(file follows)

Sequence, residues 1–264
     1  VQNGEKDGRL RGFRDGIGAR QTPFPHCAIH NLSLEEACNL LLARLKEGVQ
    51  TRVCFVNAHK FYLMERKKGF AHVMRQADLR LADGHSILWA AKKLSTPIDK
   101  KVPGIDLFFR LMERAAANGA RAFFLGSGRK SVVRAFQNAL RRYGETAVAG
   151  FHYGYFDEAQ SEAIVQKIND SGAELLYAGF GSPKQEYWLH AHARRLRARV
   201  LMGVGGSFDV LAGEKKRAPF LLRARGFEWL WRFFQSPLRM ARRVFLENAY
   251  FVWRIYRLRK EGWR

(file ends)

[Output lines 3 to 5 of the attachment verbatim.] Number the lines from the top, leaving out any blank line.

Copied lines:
    51  TRVCFVNAHK FYLMERKKGF AHVMRQADLR LADGHSILWA AKKLSTPIDK
   101  KVPGIDLFFR LMERAAANGA RAFFLGSGRK SVVRAFQNAL RRYGETAVAG
   151  FHYGYFDEAQ SEAIVQKIND SGAELLYAGF GSPKQEYWLH AHARRLRARV